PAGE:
This semester, I’m working on a proposal for a new course: “Development of the Graphic Novel.” It’s a variation of one of our existing genre courses called “Development of the Novel,” which I’ve taught once here and twice at another school. If it’s approved, I probably won’t be teaching this new course for at least another year, which gives me a good chunk of time to prepare.
And even though the genre of the novel is associated with fiction—while the genres of journalism, memoir, biography, or autobiography are associated with non-fiction—this course should allow for the inclusion of works that aren’t, strictly speaking, fiction. Nevertheless, I think it makes more sense to stick to a term like “graphic novel” than to adopt a more awkward possibility like “visual storytelling” or “sequential art.”
Well-known names in the fiction category of graphic novels include Daniel Clowes, Will Eisner, Neil Gaiman, Frank Miller, Alan Moore, and Adrian Tomine and Chris Ware. (Hmmm… my fiction list needs some women. Feel free to make suggestions in the comments below.)
And the following names are among those well-known for non-fiction: Alison Bechdel, Howard Cruse, Harvey Pekar, Joe Sacco, Marjane Satrapi, and—perhaps most famously, due to the success of Maus— Art Spiegelman,
Rationale: There are 2 good reasons why we should add this course to our catalog:
- The importance of the genre: Regardless of whether you believe that graphic novels are the contemporary equivalent of, say, Renaissance drama in terms of literary merit, they are a vibrant and growing genre. And many graphic novelists have published or are publishing in no less a literary periodical than the New Yorker. An English degree program that fails to introduce students to this genre is not doing its job.
- The need for visual literacy: English majors need to have the skills—and be introduced to the tools—for critical visual analysis, and studying graphic novels is an ideal way to fulfill that goal. Careers in the publishing industry require visual literacy for such tasks as page layouts, cover designs, and marketing. Careers in web-based work also require visual literacy in order to create web sites that are attractive, easy to understand, and easy to navigate. An English degree program that fails to help students acquire this essential characteristic is not doing its job. (I’m planning a future post on the ways in which we can do a better job of preparing students for careers working in digital media. Stay tuned…)
Request for Input
First, those of you who are knowledgeable—either as fans or as scholars—can help out by sharing what you think some of the foundational primary works are in the genre as well as some of the most exciting recent works.
Second, those of you who are knowledgeable as scholars on the subject can help out by sharing what you think some of the foundational secondary works are as well as who the current important voices are in the scholarship on the subject. There’s a great deal to choose from.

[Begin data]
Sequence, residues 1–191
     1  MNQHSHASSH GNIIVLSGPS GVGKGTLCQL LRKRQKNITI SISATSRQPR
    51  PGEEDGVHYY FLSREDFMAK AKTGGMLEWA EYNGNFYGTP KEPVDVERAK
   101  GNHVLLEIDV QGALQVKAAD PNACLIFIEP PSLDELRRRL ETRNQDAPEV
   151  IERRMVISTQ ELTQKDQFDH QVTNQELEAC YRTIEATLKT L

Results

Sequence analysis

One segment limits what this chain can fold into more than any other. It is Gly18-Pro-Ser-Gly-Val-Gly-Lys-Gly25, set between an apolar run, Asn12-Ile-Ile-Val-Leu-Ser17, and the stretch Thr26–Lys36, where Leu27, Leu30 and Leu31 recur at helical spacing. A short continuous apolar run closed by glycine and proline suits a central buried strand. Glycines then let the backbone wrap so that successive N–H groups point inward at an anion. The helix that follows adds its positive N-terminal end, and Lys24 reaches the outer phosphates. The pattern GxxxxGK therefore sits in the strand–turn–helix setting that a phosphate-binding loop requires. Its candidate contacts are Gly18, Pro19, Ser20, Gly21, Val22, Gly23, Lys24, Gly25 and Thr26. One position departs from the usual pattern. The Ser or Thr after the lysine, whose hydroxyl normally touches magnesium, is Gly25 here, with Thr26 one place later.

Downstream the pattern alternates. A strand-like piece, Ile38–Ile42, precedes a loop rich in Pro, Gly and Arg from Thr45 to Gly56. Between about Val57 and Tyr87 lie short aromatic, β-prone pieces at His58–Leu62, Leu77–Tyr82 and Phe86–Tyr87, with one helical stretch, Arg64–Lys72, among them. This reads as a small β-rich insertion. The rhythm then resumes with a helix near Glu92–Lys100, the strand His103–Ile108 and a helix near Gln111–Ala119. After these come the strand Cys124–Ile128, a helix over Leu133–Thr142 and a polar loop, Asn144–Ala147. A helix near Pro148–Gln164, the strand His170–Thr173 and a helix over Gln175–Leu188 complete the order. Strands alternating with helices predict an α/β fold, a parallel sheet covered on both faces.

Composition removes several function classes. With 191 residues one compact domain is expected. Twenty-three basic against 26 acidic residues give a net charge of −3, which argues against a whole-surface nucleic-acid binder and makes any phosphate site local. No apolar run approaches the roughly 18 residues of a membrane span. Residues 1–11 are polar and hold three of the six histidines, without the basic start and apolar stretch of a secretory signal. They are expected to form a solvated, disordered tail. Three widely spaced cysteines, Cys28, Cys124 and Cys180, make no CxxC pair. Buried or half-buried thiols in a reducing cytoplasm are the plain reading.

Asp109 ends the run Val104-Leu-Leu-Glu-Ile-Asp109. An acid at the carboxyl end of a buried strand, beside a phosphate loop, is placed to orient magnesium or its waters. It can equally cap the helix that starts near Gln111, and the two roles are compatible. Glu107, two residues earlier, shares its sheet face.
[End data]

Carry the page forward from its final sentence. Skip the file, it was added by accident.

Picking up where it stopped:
Course Topic: English 3??: Development of the Graphic Novel
Course Summary: A critical and historical study of the graphic novel surveying major works and artists and illustrating the characteristics of the genre, its historical development, and its reflection of significant literary periods and movements.
Objectives: Upon completion of this independent study, the student will
- have an understanding of the history and continuing evolution of this genre;
- be able to read critically texts that combine the visual with the linguistic; and
- be familiar with the body of secondary material concerning the genre.
Method of Evaluation
- Weekly, substantive entries in an online discussion forum, open to a select group of outside readers who may or may not provide feedback. These entries will be composed not only of words—essay-writing being a skill that students in English courses should expect to use and strengthen—but also of images from the works in question, annotated using a simple tool like Jing. Examples of such annotation—not currently featuring pages from graphic novles—may be viewed by clicking here.
- Annotated bibliography 1, covering 5 article-length scholarly works.
- Midterm paper, 4 to 6 pages.
- Annotated bibliography 2, covering 5 article-length scholarly works.
- Final paper, 8 to 12 pages.
- Collaborative research presentations that must use visual aids effectively. (Inspired by Jason B. Jones and my own experience as a Talk 20 speaker at HUB-BUB, I’m considering having students do them as Pecha Kucha presentations. Trust me: it’s pretty cool.)
Hypothetical Reading List
- Will Eisner, A Contract with God
- Harvey Pekar, American Splendor
- Alan Moore, Watchmen
- Frank Miller, The Dark Knight Returns
- Art Spiegelman, Maus
- Chris Ware, Jimmy Corrigan, the Smartest Kid on Earth
- Marjane Satrapi, Persepolis
- Alison Bechdel, Fun Home
- Would you include something else here…?
- Will Eisner, Graphic Storytelling and Visual Narrative
- Scott McCloud, Understanding Comics
- What else…?
Scott McCloud, “Understanding Comics” (17:08)
From TED.com, posted in January 2009.
Blurb from the YouTube page (a little over-the-top, if you ask me): “In this unmissable look at the magic of comics, Scott McCloud bends the presentation format into a cartoon-like experience, where colorful diversions whiz through childhood fascinations and imagined futures that our eyes can hear and touch.”
See also the TED “speakers page” on Scott McCloud, which links to related material by and about him.